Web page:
An out-of-state arbitrator has recommended that Salt Lake School District sell the soon-to-be-vacant South High School to the state for $1 million - the value of the land - but that the state should allow the district to continue using the pool and other recreational facilities.

"The state should not be asked to pay any more for the property than what a potential developer would pay," wrote Jared Huish, an arbitrator with the American Arbitration Association.Huish also said the vacant hull of the former Lincoln Junior High School near South is a reminder of what could happen to South. In fact, he said, the state may be doing the community a service by purchasing the building.

"The state is probably doing the district and the taxpayers a service in its willingness to step forward and take on a huge remodeling program in order to convert a beautiful old high school complex to a modern and functional campus that will benefit the taxpayers and the educational needs of all citizens," Huish wrote.

The decision, which is nonbinding, is good news for the state, which wants to buy the high school for Salt Lake Community College but hasn't wanted to pay the district's $5 million asking price.

"I wouldn't characterize it as, `We won over those folks (the school district),' " Neal P. Stowe, director of the Division Facilities Construction and Management, said in response to the release of the letter. "But he (the arbitrator) principally supports my entire position, so I'm absolutely delighted."

It does not, however, please school Superintendent John W. Bennion. "I'm somewhat disappointed. I thought the arbitrator might recognize the genuine value beyond the value of the land," Bennion said.

In a letter received Wednesday by the state and the school district, the arbitrator recommended the $1 million

price tag, saying it is a fair value of the land, Bennion reported.

The issue went to an arbitrator when the school district and the state could not agree on a price for the high school.

The arbitrator also suggested that the school district be allowed continued use of the building's pool, food-storage facilities, gyms, shops and vocational-education facilities for 10 years at no cost except its share of operating expenses.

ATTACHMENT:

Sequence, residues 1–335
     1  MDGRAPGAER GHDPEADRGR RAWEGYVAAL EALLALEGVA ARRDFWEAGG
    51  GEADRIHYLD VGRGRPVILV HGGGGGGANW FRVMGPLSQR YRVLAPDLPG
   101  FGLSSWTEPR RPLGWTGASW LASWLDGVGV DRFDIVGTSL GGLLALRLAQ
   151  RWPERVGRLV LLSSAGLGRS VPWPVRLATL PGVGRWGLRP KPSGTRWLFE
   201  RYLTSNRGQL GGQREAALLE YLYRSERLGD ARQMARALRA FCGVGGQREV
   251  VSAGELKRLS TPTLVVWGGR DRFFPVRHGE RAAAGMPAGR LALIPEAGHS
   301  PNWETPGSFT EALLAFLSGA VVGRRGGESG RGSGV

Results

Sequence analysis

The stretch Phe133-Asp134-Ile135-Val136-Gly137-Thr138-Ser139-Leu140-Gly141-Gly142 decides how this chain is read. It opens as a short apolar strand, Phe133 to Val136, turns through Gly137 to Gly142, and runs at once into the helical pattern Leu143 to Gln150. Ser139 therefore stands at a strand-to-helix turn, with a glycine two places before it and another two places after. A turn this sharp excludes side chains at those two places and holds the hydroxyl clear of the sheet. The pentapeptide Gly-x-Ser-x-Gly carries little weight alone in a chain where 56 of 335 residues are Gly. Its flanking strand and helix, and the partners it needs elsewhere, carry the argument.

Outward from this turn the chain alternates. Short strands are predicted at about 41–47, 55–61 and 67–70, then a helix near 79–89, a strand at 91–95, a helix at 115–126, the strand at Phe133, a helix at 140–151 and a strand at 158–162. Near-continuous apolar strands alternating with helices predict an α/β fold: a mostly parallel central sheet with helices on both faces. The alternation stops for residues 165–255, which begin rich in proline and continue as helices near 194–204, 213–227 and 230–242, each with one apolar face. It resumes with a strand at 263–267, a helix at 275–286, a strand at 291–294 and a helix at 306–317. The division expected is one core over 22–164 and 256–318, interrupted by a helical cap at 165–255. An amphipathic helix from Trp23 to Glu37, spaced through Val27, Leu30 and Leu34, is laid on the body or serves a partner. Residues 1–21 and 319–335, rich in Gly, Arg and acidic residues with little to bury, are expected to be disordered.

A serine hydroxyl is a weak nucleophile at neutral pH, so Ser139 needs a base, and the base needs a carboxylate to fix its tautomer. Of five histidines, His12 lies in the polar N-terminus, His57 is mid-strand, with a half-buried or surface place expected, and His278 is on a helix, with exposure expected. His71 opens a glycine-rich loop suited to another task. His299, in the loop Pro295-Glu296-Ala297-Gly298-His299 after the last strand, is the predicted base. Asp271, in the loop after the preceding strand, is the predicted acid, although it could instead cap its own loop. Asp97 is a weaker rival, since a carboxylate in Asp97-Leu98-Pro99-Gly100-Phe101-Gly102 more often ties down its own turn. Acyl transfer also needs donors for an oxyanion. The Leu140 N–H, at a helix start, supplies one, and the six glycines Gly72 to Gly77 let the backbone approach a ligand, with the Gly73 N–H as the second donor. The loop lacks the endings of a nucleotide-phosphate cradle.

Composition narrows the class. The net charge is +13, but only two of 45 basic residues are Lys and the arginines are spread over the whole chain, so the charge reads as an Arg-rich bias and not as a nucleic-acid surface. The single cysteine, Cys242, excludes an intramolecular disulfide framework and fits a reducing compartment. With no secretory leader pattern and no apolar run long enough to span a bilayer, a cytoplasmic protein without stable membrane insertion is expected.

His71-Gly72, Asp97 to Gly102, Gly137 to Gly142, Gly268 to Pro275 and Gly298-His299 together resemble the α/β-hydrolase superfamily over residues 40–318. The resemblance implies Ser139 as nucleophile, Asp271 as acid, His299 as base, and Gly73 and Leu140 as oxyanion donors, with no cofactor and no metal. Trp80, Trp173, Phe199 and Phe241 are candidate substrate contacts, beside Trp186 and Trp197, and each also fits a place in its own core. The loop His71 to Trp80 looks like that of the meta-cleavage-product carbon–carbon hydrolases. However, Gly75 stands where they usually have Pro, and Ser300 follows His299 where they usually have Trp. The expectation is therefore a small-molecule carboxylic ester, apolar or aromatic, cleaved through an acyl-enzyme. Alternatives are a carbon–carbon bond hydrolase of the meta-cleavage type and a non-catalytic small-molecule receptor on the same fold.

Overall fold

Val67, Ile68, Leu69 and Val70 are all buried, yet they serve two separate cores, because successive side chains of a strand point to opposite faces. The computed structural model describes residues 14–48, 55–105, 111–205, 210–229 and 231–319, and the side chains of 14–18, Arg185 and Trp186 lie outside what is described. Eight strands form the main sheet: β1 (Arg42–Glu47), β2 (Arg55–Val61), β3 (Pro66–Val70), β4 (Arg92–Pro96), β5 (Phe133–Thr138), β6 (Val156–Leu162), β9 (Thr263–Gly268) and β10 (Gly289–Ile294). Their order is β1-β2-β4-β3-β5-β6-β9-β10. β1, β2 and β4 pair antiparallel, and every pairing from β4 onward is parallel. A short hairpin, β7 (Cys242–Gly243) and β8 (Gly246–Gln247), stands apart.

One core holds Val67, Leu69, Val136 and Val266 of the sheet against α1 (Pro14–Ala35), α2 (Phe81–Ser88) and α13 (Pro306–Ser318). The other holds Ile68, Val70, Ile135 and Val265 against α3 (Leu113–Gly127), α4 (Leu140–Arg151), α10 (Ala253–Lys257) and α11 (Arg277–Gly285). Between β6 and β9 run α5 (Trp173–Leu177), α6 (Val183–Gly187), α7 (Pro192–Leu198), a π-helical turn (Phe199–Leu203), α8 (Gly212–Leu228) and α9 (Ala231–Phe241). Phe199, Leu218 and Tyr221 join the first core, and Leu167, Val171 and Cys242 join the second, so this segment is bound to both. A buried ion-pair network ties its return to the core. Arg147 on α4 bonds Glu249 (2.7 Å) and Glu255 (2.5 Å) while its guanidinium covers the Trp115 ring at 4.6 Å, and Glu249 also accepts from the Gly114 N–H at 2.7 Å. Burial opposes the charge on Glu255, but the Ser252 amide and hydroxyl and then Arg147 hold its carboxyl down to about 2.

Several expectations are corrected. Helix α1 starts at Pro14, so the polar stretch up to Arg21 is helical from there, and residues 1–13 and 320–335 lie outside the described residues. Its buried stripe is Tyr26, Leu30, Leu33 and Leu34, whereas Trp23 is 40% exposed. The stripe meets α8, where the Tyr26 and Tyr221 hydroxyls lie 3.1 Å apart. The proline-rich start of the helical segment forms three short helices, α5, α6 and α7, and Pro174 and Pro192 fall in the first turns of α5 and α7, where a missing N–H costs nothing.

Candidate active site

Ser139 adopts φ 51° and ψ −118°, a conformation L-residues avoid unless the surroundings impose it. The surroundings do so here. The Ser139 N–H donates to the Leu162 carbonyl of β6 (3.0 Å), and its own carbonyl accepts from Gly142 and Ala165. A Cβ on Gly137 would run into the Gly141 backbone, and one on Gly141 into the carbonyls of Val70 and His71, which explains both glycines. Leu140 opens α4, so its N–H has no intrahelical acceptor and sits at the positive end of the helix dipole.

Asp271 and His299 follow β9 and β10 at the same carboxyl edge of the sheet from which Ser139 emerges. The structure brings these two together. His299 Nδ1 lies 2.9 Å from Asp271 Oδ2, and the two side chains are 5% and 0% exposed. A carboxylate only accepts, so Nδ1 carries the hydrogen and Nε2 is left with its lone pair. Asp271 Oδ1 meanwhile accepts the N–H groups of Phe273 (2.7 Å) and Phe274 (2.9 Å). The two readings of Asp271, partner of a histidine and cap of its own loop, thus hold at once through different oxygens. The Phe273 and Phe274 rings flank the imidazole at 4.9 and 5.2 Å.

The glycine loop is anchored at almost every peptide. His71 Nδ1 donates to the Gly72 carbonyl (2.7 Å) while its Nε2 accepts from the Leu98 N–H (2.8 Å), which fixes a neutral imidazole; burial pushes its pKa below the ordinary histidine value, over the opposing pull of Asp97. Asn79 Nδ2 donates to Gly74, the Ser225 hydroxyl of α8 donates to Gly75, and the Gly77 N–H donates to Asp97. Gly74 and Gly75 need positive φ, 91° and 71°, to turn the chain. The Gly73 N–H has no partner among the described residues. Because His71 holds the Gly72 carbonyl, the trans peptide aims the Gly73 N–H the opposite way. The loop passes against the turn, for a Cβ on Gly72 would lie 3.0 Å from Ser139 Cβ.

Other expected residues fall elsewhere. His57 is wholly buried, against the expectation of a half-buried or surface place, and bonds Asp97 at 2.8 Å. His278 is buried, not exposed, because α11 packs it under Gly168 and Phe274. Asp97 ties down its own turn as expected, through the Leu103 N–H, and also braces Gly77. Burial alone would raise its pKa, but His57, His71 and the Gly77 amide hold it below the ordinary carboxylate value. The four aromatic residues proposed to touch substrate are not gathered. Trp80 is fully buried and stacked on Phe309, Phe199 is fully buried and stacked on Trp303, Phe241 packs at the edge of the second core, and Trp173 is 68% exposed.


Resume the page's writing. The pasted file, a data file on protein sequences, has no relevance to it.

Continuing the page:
Stowe said some sort of continued use by the school district could probably be agreed upon, but he said that is a negotiating point. He said that arrangement might work during a transitional period and that the community college might some day have a use for the pool, gyms and shops.

Bennion said the arbitrator's reasoning for the $1 million price was that the school district probably can't find another buyer, plus the school will have to undergo extensive remodeling to be brought up to the fire and other building codes necessary to transform it into a community college.

However, the arbitrator also recommended that if the state does not spend $7 million remodeling South High - the amount it has suggested would be required - that any money left over be given to the school district as part of the purchase price.

Bennion disagrees that the district will be left with a white elephant if it doesn't sell to the state. He said there are other options such as moving the district's alternative program, Salt Lake Community High School, from Horace Mann to South, and then renting out any additional space to the college.

The district sold a much smaller school - Roosevelt Junior High School - to the private Rowland Hall-St. Mark's School for $1 million, he said.

"That building (South) is in very good condition. There is value there other than the land," the superintendent said.

Because the arbitrator's recommendation is nonbinding, the district may or may not decide to sell South to the state. The Salt Lake Board of Education will discuss the issue in an executive session on May 17, but a decision won't necessarily be made that day.

Bennion won't guess at the outcome, since board members were only mailed copies of the arbitrator's report Thursday. "I have no feeling (about what the board will do). It would be premature to speculate."

Stowe said he hopes an agreement can reached soon. "We're anxious for the school board to look at the findings carefully so we can resolve it."

South's neighbors have been rooting for a state purchase. At the last school board meeting, representatives of the South High Community Council urged the board to sell the property, saying they are worried South could become another Lincoln Junior High, the nearby school that sits vacant and deteriorating.

If the state purchases South, it would be a while before the community college could move in because of the necessary remodeling. Salt Lake Community College spokesman Jay Williams estimates fall quarter 1989 as the earliest occupancy date. Within five years, the college would like to see a student body of 7,000 at the converted high school.